I've been extremely and overwhelmingly blessed with amazing friends who really lend support during those first few weeks after having a baby. Whether it's a new baby, an operation, or a loss, these are things I've learned from my friends and wanted to share with you ways we can bless families in need of extra love in our lives:
- Set up a meal train. This is a free website where you can organize meals for the family. You can set it up for every day, every other day, or whatever the mother would find helpful. There's a place to list allergies and food preferences, and really it's the easiest way to set up and manage meals.
- When bringing a meal, include all the trimmings (if your grocery budget allows). *Obviously, a simple meal is still a huge blessing and better than no meal at all. Staying within our grocery budgets is important, so don't be ashamed to work with what you have.* After I had my first child, our La Leche League leaders imparted the value of really spoiling our friends we bring dinners to. We usually steer clear of disposables, but in a special situation like this, getting everything you need (containers the food comes in, plates, flatware, napkins, cups, etc.) is heavenly. It means no clean up for the family. Adding a little something like a bottle of sparkling cider, a dessert, or even something for breakfast the next day is a great way to lavish love on your friends.
- Order a Healthy Surprise box. Is life too full to squeeze in making and bringing over a meal to your friends? Do you have a family you'd like to show love to that lives far away? These Healthy Surprise boxes come in all different sizes to fit any sized family's needs, and every snack is gluten-free (and organic whenever possible). While I don't endorse these snacks as a long term solution, they would be a Godsend when the family just can't spend as much time in the kitchen as they might like. Although you can sign up for a monthly delivery, you can also order a one-time gift. One of these boxes could make a great baby shower gift; especially for a family with older kids. Also? The shipping is free.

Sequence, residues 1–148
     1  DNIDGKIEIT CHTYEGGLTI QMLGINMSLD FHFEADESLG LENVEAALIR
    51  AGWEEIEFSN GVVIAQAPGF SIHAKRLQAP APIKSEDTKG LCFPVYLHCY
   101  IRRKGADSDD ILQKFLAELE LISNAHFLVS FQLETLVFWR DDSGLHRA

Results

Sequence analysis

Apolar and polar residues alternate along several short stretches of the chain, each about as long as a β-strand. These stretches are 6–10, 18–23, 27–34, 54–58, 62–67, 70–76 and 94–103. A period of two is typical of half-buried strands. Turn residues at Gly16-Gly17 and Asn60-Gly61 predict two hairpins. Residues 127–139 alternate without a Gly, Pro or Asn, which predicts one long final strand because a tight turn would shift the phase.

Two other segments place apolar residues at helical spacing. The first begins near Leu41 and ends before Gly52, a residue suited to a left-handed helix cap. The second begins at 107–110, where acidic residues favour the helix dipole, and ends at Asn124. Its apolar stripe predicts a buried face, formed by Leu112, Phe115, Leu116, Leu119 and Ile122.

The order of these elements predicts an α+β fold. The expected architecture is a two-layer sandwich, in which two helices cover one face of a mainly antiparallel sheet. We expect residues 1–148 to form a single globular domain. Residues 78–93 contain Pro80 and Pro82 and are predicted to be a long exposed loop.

- Offering to play with the family's older children, or taking them out for play dates. I can have a hard time receiving help. Not because I think I can do it all, but because I don't want to put anyone out. It's a brokenness I'm not proud of. I'm working on it, I promise. If your friends struggle with the same thing, be persistent. Ask them what would be helpful. Running errands? Bussing kids to classes? Don't give them the option to turn help away, give them choices to pick from.
- Check in. Send them a little text with a sweet word. Let them know they are loved. If they are struggling with postpartum depression, a loss, or a hard time, it's easy to become isolated and slip into a very unhealthy place. Send them a simple text just letting them know you're thinking of them. Drop them a little email. It doesn't always have to be a phone call or a visit, sometimes a sensitive, quiet line of encouragement is just what the doctor ordered.
- Be sensitive. Being persistent in offering help and learning how to give space can be really tricky. Sometimes, especially if a family is grieving a loss, it's good to give them some time to regroup and gently re-offer help later, but it's important that they know you haven't forgotten them.
I'm sharing this at Simple Lives Thursday, Pennywise Platter.